Marijuana and Cannabis News
|Here's what the marijuana grow operation looked like before the DEA raided it on Tuesday|
James Anderson, 25, is part of a group of marijuana growers in Gold Hill who share a plot of land to collectively grow for their respective patients, reports Chris Conrad at the Medford Mail Tribune. "We are growing within our limits," Anderson said. "Some of us are under."
Drug Enforcement Administration agents, U.S. Marshals and a motley crew of local police officers pulled into his property at 9 a.m. on Tuesday to serve a search warrant, according to Anderson.
|James Anderson: "We have patients that need this medicine"|
The agents handcuffed Anderson and Ashley Morgan, 25, who lives on the property. Agents then searched the home, seizing Anderson's shotguns, his cell phone, his computer, and, for some reason known only to themselves, his iPod, among other items.
"They told us either leave the premises or stay handcuffed," Anderson said, reports Sharon Ko at KDRV. "We already had been handcuffed for six and a half hours and we were more than happy to go and sit at the end of the road and watch truck-fulls of patients' medicine pass by."
DEA agents busted down doors on other properties on the patch of land as well, according to Anderson.
The DEA refused to comment on the raid; an official with the U.S. Attorney's Office confirmed that a raid occurred, but wouldn't give any details.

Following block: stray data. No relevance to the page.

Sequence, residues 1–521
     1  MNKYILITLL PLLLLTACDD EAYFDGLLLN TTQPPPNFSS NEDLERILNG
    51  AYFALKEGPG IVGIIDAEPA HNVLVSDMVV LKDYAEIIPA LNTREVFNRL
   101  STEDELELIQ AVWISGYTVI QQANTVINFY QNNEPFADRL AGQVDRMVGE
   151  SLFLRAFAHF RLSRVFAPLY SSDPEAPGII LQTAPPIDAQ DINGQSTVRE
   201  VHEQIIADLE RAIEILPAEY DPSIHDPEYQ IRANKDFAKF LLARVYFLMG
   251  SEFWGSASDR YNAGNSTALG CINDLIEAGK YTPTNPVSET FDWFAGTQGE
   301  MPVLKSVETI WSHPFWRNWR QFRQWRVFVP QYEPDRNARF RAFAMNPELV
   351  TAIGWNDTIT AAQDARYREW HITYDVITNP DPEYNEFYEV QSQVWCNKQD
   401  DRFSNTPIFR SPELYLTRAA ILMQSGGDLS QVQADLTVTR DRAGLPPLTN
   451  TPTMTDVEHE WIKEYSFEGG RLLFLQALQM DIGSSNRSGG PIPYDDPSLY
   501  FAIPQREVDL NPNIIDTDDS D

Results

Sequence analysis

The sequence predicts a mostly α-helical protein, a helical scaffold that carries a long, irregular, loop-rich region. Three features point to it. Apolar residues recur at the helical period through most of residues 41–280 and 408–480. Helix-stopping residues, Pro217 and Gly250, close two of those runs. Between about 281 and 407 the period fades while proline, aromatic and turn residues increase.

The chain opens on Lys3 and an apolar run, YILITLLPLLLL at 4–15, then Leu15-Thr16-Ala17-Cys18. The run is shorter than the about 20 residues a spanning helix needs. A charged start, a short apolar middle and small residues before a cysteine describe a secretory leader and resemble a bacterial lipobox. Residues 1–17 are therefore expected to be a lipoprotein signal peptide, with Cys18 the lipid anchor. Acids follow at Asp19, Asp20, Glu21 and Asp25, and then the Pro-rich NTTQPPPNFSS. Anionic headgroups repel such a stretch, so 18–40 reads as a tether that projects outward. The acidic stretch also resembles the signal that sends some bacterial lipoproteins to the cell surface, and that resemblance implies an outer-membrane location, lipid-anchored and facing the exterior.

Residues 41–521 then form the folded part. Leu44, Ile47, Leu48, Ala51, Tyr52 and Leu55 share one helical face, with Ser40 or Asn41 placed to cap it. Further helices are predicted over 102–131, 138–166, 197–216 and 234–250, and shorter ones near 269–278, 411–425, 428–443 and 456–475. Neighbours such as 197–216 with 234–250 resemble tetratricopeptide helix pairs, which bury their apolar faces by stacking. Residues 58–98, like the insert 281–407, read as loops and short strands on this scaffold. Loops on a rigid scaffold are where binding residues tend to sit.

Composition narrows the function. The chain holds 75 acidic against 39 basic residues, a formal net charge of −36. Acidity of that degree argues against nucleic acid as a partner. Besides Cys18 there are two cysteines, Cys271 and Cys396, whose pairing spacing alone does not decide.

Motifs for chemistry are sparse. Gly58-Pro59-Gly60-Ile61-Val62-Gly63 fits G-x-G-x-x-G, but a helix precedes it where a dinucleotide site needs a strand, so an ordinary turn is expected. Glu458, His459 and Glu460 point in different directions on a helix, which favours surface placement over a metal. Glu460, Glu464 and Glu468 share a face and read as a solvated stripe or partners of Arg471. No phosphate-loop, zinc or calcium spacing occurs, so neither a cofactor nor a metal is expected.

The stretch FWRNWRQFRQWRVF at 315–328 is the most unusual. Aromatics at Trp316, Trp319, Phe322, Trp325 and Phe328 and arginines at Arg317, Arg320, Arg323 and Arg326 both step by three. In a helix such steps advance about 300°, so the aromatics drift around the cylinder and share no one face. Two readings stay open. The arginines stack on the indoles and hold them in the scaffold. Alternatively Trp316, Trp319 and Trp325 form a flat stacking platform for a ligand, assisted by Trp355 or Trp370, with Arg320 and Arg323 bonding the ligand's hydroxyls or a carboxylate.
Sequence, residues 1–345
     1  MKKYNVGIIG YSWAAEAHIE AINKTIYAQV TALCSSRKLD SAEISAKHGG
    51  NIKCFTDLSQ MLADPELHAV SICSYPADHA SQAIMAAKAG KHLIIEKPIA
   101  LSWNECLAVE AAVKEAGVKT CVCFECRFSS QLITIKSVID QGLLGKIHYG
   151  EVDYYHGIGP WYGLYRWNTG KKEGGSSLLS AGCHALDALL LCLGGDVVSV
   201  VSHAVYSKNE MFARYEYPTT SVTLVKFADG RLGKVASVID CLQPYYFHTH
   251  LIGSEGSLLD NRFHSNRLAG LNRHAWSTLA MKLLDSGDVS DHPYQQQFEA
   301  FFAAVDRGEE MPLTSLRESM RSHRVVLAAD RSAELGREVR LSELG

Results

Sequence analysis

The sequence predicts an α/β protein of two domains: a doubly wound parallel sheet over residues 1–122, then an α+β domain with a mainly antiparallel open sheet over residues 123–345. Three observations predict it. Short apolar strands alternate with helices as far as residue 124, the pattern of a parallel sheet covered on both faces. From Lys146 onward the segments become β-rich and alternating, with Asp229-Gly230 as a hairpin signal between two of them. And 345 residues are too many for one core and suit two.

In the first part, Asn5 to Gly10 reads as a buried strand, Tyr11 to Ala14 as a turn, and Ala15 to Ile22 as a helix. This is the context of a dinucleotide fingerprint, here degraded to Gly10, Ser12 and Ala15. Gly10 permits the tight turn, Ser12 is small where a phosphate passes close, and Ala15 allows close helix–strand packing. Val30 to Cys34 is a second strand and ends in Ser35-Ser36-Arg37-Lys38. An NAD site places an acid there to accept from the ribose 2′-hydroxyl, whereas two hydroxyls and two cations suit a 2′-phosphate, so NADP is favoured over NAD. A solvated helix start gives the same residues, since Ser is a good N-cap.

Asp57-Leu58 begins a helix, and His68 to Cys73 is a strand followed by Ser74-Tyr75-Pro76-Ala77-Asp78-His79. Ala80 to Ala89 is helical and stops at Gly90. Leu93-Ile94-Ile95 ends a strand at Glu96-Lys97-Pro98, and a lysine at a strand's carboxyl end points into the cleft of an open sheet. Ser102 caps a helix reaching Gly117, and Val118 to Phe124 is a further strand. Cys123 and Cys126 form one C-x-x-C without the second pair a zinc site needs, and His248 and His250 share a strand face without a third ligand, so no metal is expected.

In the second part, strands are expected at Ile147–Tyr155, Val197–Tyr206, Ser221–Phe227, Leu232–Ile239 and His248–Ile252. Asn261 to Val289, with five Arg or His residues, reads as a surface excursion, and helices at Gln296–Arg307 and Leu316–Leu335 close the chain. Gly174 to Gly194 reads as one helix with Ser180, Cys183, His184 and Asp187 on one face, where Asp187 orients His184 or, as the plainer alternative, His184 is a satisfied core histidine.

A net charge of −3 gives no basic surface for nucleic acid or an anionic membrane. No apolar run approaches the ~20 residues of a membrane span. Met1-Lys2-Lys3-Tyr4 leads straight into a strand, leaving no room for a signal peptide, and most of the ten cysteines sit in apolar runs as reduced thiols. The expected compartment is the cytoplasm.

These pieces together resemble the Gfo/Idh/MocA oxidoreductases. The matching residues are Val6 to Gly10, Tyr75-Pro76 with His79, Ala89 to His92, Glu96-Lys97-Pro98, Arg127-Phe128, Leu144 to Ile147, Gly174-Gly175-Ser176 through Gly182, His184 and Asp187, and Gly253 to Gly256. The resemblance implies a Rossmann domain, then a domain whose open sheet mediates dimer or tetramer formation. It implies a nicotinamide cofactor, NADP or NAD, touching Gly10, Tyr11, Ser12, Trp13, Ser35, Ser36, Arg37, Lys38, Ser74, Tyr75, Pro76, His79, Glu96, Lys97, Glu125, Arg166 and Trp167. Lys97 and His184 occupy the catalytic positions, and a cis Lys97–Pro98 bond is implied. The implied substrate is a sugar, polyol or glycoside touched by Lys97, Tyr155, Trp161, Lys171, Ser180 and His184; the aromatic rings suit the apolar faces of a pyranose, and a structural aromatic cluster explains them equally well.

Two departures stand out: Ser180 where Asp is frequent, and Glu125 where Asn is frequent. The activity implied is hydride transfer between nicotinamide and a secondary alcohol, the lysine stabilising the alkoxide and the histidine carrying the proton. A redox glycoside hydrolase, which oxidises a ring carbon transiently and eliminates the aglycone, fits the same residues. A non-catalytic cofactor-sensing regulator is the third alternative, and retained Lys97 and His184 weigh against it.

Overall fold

Anderson's landlord, Keith Rogers, spent Wednesday repairing the doors which the DEA knocked down. He pointed to a large hole in his front door made by a battering ram.
"Everyone on this property, as far as I know, is within the law," Rogers said. "When they do have excess marijuana they burn it. I keep a close eye on this garden and don't want anyone breaking the law here."
The federal agents left Anderson and Morgan handcuffed for hours while they uprooted all of the plants on the property, according to Anderson.
"They took everything," he said. "We don't know what to do now. We have patients that need this medicine."
Anderson showed a copy of the search-and-seizure warrant left by the agents. It showed aerial photos of the property and listed what the agents planned to seize when serving the warrant.
Anderson said he realizes federal law does not allow marijuana for any purpose. "We were legal within the state laws, but the feds trump any state law," he said.
As the raid was conducted, one officer kneeled down to tie a bootlace and accidentally fired his pistol into the ground near Rogers's workshop, Anderson said.
"So they must have the safeties off their guns," Anderson said. "There was no need for that. We weren't going to shoot at any cops."
Anderson later dug the bullet from the ground, and has it in a plastic bag inside his house.
Many of their patients made the trip to the property while the raid was underway and shortly afterward, according to Morgan.
"They kept asking how they were going to get their medicine," Morgan said. "There are over 70 patients who will be affected by this."
To view KDRV's video report of the raid, click here.